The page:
Louise McKinney beach gets rough reception at City Hall

Edmontonians may have to look further afield for beach time this summer after a plan to add a sandy strip, water feature and volleyball court near the river at Louise McKinney Park was strongly questioned at City Hall on Monday.

City Hall questions whether 'beach' project even qualifies as a beach

Renderings for the urban beach are included in the report for next week's meeting of the community services committee. (City of Edmonton )

Edmontonians may have to look further afield for beach time this summer after a plan to add a sandy strip, water feature and volleyball court near the river at Louise McKinney Park was strongly questioned at City Hall on Monday.

The Community Services Committee had not even officially opened discussion about the proposed beach project Monday when Coun. Mike Nickel suggested scrapping the plan, saying the money would be better invested in improving city drainage and roads.

“Talking about putting an urban beach in Edmonton, against all our other capital priorities ... is just craziness,” he said Monday.

Several councillors supported Nickel’s argument, debating whether Edmontonians even want to see the beach built.

Others questioned whether the sandy feature proposed for the park, which will not have river access, even qualifies as a beach.

“I think it is a bit of the problem. If we would have said ‘sand recreational area,’ politically it may have come across a little bit better. But that being said, now that we all know what it’s all about, I think it would be a mistake to take the word ‘beach’ out.”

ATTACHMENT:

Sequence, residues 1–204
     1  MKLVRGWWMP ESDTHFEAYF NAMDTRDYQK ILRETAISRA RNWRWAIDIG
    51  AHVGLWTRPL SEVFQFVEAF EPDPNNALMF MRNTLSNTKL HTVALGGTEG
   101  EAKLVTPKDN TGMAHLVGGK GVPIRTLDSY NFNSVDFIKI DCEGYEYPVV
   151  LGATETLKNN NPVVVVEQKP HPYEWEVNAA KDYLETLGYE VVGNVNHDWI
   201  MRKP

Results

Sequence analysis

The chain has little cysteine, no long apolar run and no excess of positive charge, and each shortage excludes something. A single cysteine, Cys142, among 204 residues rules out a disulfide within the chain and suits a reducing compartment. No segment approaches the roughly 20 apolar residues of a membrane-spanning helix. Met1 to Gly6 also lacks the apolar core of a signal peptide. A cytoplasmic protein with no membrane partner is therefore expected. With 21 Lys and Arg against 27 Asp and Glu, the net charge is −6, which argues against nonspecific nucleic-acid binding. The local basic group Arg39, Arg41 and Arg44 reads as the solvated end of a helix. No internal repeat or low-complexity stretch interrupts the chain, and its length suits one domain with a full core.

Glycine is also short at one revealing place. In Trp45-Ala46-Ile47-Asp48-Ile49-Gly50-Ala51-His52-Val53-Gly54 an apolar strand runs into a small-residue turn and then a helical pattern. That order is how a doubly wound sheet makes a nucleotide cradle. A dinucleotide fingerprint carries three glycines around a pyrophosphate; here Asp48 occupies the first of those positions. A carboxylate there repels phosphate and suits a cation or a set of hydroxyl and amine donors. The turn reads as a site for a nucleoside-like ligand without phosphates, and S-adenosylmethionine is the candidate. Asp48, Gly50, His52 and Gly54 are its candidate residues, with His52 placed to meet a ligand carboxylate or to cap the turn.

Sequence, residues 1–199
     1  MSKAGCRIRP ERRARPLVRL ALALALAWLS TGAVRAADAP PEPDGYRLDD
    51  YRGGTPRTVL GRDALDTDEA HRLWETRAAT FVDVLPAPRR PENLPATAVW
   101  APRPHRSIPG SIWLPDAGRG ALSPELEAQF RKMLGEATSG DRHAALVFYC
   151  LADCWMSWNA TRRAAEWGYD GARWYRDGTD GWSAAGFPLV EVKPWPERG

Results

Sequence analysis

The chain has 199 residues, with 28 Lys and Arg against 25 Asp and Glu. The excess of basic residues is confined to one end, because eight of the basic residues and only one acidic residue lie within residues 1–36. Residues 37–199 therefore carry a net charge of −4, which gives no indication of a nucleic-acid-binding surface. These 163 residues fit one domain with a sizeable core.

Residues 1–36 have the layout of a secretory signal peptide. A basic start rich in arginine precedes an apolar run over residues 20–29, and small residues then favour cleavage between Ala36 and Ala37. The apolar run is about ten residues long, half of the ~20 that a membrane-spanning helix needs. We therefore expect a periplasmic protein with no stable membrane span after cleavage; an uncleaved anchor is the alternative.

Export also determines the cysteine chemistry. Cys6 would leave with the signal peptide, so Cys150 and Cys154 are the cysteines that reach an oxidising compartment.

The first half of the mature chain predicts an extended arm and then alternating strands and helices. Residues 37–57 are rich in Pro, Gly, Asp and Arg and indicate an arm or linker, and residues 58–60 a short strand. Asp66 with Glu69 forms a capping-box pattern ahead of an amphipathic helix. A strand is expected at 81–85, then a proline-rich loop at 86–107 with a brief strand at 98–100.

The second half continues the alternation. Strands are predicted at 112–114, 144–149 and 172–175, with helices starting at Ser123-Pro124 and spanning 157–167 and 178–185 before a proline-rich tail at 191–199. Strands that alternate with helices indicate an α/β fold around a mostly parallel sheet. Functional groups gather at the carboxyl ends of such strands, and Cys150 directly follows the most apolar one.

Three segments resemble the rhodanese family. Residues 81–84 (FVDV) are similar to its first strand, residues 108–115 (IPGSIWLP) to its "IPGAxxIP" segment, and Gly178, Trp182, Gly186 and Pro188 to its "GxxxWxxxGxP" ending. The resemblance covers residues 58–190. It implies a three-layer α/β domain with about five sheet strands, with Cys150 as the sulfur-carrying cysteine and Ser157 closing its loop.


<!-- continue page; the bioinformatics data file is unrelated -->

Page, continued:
Coun. Mike Nickel wasted no time Monday in suggesting the proposed beach project be scrapped in favour of spending the money on improving city infrastructure. (CBC)

However, Nickel fought back against that argument saying the name doesn’t matter when it comes to the bottom line.

“You can call it whatever you want, a beach is a beach. They are talking about putting a pile of sand down there, I think the money can be just spent in other places.”

In the end, Coun. Ben Henderson asked the idea be put forward to city council, saying discarding the plan now "undoes an awful lot of work that was done at council's behest that I think council deserves to have some input into."

The proposed urban beach is part of a larger plan to revitalize the river valley. The project, which would also see a restaurant and new washrooms being built in the park, would cost an estimated $1.4 million.

City Hall will vote officially on the beach’s future next week.

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